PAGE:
Such concepts need pondering, as does the contention that no matter how miraculous a piece of technology may be, someone will find a nefarious use for it. Dan Deacon's electronic score deftly highlights such disquieting realisations, while Brenai's narration is tinged with an air of world-weary disappointment at humanity's inability to be trusted. She's particularly scathing when recalling how eugenicists seized upon Alphonse Bertillon's anthropometric classification of police suspects and the composite portraits produced by Sir Francis Galton in his bid to demonstrate the link between physiognomy and criminality. Such dips into the murky past should make us apprehensive about the future, especially when artificial intelligence is factored into the equation. But one thing this laudably ambitious, fiendishly persuasive, troublingly provocative and disarmingly witty treatise teaches us is that - providing we avoid seeing solely what we want to see - nothing (including itself) is quite what it seems to the naked eye, even when it lays claim to being incontrovertible.
The number of wine documentaries continues to grow steadily. Since Jonathan Nossiter launched the sub-genre with Mondovino (2004), we've been treated to Jason Wise's Somm (2013), Pablo Casalis and Tiziano Gaia's Barolo Boys: The Story of a Revolution (2015), Jerry Rothwell and Reuben Atlas's Sour Grapes (2016), Emily Railsback's Our Blood Is Wine (2018) and Frank Mannion's Sparkling: The Story of Champagne (2021). In 2015, Nossiter himself returned to the fray with Natural Resistance. Now, Australians, Warwick Ross and Robert Coe, have followed up Red Obsession (2013) with Blind Ambition.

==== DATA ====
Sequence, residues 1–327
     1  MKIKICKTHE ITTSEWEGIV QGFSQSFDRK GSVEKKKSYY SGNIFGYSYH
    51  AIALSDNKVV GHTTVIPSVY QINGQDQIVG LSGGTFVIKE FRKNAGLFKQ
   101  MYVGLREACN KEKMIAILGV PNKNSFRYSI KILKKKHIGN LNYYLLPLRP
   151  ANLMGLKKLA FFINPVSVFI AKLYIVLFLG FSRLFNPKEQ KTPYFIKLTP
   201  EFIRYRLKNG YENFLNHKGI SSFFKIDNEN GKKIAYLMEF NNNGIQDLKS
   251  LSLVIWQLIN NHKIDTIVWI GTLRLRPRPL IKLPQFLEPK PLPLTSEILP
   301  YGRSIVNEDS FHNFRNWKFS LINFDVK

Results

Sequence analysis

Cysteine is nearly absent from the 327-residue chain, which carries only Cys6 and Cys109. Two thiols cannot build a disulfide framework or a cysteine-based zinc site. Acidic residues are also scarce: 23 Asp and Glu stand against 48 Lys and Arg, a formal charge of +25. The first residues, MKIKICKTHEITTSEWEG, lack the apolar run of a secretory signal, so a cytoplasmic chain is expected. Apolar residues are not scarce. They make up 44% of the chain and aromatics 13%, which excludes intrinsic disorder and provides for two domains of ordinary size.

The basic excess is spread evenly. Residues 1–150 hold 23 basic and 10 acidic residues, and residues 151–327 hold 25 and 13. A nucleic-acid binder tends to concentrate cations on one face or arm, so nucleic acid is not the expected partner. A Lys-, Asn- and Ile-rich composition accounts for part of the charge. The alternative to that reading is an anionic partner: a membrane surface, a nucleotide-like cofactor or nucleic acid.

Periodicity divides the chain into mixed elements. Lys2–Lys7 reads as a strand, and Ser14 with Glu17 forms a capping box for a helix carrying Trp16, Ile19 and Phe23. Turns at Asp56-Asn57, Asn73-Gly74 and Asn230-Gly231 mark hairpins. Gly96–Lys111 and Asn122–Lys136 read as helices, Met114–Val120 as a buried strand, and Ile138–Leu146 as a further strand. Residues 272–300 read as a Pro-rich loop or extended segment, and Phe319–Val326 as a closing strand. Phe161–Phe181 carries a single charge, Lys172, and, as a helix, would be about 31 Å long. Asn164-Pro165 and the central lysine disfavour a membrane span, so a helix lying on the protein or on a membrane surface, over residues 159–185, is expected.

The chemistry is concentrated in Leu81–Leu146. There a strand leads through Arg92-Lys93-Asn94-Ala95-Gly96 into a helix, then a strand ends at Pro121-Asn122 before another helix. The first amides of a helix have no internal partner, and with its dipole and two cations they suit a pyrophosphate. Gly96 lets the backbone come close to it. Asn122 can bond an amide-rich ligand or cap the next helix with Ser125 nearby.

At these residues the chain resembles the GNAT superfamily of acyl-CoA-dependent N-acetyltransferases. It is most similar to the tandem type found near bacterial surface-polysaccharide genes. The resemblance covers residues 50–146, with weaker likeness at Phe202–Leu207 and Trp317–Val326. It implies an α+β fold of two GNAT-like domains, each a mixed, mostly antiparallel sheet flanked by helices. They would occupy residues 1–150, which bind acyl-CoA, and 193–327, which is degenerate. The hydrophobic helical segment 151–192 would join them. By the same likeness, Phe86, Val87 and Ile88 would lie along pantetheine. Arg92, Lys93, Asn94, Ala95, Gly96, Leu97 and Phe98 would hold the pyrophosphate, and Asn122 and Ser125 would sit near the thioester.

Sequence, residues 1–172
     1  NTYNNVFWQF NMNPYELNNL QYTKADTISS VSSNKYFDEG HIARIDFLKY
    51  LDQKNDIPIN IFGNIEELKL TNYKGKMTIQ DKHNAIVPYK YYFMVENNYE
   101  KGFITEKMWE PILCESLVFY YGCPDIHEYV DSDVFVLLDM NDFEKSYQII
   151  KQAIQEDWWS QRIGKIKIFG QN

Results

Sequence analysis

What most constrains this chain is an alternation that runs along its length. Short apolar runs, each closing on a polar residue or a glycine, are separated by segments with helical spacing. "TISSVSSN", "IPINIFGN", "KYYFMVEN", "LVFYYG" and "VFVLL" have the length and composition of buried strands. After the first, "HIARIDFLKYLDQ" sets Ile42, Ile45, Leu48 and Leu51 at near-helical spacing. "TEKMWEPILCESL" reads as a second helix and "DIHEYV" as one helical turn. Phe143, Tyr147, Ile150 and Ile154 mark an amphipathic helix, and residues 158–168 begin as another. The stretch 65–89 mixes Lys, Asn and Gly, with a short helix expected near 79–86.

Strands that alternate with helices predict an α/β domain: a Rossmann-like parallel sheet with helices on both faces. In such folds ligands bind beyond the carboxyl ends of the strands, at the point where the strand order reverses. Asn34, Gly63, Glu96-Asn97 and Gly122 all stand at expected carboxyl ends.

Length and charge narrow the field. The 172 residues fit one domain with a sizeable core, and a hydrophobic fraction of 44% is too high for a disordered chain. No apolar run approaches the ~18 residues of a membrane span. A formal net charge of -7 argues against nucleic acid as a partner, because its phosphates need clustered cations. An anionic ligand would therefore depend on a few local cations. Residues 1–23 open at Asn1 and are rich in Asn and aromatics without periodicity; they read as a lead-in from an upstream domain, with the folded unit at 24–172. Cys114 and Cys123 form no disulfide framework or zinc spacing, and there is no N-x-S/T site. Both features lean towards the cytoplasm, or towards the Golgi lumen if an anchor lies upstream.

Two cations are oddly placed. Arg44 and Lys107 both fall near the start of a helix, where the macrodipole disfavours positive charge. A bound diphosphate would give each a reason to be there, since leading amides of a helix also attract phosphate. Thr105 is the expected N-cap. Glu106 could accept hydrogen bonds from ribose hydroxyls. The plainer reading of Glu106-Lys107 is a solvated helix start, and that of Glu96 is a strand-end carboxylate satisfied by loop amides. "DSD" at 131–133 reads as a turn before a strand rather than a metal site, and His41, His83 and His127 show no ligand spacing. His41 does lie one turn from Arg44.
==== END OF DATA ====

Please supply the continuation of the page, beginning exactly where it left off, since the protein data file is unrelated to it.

Less to do with wine than with overcoming poverty, danger, adversity and prejudice, this genial odyssey shows how four Zimbabwean refugees became first-class sommeliers in Cape Town. Hailing from Chirumhanzu, Joseph Dhafana left for South Africa in 2008 to provide for his mother, Calista, and he was initially pleased to get a job tending the restaurant's vegetable patch. While Calista is proud of his efforts, Pardon Taguzu misses the mother who died shortly after his arrival. He now lives with his wife, Batsie. Marlvin Gwese is also married and his three daughters with his wife, Skoliwe. His parents, Clever and Marriam, are deeply religious and thank God that their son is doing so well, even though they still disapprove of alcohol.
Completing the quartet is Tinashe Nyamudoka, who hopes to return to Nyanga and see his grandfather and establish a vineyard on the rich slopes near his home. However, while the expats are doing well in restaurants across Cape Town, their best chance of raising their profile and fulfilling their dreams is to compete at the 2017 World Wine Tasting Championships. As they are still relatively inexperienced, however, they need a coach to help them refine their palates and become familiar with the more obscure wines that will be produced by the judges.
Jean-Vincent Ridon has the experience and the contacts and he offers his services while the foursome (who didn't know each other before forming the team) try to crowdfund their expenses for the trip. As their story spreads through the wine world, they receive the backing of Jancis Robinson, who is delighted to challenge the Caucasian dominance of the oenological establishment. But, as JV is already committed to coaching the South African team at the contest, Joseph, Tinashe, Marlvin and Pardon have to find an alternative.